- You are invited to speak at an international meeting sponsored by a foreign entity that has offered to pay for your travel and lodging.
- You advise a PhD graduate student who attends an international university. This is an unpaid adjunct appointment.
- You advise a student in another country and you are invited to speak at that university.
- You’ve been approached by a foreign talent recruiting program.
- As a researcher you anticipate having access to the laboratory resources of a foreign university or government through the existence of a lab in a foreign country.
For any scenarios not listed that you believe may be important to add to this list, please send your suggestion to firstname.lastname@example.org.
Start with talking to your chair/supervisor and reviewing your sponsor requirements. One thing we’ve learned as various cases have been litigated and federal sponsors have developed their terms, conditions, and processes to assess these situations is, as a researcher it is best to disclose, disclose, disclose! The best course of action tends to be fact specific and may require further communication with your sponsor(s).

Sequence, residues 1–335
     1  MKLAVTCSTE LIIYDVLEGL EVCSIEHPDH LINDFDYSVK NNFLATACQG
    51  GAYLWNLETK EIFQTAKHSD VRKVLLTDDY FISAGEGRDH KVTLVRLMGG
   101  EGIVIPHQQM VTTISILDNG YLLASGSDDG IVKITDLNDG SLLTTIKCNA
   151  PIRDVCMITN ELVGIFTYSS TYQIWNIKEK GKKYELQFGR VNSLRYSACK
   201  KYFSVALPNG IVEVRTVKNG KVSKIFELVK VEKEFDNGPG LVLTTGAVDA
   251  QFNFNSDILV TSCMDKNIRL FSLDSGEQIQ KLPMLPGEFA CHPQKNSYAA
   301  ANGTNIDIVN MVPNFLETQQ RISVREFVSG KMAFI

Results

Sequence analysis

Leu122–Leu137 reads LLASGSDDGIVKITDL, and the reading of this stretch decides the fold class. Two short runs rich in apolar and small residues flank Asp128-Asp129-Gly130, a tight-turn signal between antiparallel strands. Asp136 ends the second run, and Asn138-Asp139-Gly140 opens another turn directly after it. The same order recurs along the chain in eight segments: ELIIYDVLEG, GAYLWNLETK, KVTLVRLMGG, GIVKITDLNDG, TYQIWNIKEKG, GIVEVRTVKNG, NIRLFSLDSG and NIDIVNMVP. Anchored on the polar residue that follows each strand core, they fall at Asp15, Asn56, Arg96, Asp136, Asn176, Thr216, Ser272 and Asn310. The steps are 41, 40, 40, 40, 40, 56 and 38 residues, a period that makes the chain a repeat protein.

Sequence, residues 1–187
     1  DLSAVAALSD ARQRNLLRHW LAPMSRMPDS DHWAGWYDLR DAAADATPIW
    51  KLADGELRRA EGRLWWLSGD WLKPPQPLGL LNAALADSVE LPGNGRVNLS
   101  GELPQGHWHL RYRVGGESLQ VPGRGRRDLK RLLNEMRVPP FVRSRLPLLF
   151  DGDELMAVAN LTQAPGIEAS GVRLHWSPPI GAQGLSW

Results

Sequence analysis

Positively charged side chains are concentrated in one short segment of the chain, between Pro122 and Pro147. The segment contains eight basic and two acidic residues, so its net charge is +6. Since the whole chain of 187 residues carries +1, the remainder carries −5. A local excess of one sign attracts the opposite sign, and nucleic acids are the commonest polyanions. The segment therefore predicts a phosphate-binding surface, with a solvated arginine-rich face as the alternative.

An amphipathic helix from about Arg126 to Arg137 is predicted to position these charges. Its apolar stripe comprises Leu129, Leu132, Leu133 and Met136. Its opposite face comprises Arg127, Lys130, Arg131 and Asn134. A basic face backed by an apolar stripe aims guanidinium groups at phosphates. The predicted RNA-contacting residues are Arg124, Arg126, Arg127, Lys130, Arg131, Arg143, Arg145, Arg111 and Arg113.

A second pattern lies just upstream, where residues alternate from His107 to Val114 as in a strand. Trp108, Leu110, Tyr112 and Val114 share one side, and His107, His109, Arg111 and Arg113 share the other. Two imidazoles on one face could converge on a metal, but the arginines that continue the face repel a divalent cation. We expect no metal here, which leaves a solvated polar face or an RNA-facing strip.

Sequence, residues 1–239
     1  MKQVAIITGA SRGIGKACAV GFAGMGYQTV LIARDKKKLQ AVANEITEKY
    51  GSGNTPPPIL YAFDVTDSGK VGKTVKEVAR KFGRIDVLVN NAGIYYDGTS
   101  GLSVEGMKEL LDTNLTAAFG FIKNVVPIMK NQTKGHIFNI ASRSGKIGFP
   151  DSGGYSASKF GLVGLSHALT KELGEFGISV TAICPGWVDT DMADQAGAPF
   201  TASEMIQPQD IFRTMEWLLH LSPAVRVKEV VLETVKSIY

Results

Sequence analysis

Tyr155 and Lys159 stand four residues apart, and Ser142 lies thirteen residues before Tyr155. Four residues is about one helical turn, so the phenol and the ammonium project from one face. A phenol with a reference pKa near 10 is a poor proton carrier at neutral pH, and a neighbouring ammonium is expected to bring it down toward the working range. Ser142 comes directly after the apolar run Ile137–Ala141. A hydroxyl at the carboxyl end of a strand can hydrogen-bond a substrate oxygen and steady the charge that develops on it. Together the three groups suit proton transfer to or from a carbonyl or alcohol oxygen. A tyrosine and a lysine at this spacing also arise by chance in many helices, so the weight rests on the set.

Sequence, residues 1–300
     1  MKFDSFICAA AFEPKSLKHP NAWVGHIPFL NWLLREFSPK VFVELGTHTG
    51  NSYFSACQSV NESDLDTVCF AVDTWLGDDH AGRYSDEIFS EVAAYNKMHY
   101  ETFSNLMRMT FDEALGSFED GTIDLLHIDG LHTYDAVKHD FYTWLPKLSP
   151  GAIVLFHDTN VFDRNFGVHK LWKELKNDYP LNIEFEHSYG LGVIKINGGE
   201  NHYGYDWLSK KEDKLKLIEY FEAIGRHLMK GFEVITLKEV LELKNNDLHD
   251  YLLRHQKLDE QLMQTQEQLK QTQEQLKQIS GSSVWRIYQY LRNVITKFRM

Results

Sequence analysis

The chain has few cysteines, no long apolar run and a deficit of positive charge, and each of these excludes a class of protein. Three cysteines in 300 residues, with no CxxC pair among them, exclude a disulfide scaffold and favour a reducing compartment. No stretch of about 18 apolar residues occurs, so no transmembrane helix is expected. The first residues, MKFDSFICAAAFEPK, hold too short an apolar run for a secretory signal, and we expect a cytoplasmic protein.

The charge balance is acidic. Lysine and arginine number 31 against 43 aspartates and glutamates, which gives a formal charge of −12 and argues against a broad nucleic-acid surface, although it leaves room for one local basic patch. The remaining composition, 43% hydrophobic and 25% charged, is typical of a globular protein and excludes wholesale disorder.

You may also contact the Export Control Office (email@example.com) or Gina LeMay (firstname.lastname@example.org) in the Sponsored Operations Office to start the discussion.
Per the University Conflict of Interest and sponsor policies and procedures, disclose all international research collaboration and relationships to the University (starting with your chair/supervisor) and to any U.S. sponsor supporting your research accordingly. It’s recommended you disclose prior to the collaboration taking place. If the collaboration is already in progress, disclose to your chair/supervisor and U.S. sponsors to your collaboration immediately.
Protecting University access and data while on travel is very important. The best thing to do is consult with the Information Technology group well in advance of your travel to ensure you are properly set up with your equipment/software for safeguarding your access and data while traveling. Consider your destination and all potential risks. The Information Technology group may offer or require a sanitized “loaner” laptop or phone to avoid exposure of your access or data. Avoid carrying any sensitive, proprietary, or confidential data. Also, never use a USB drive or other portable media given to you while traveling.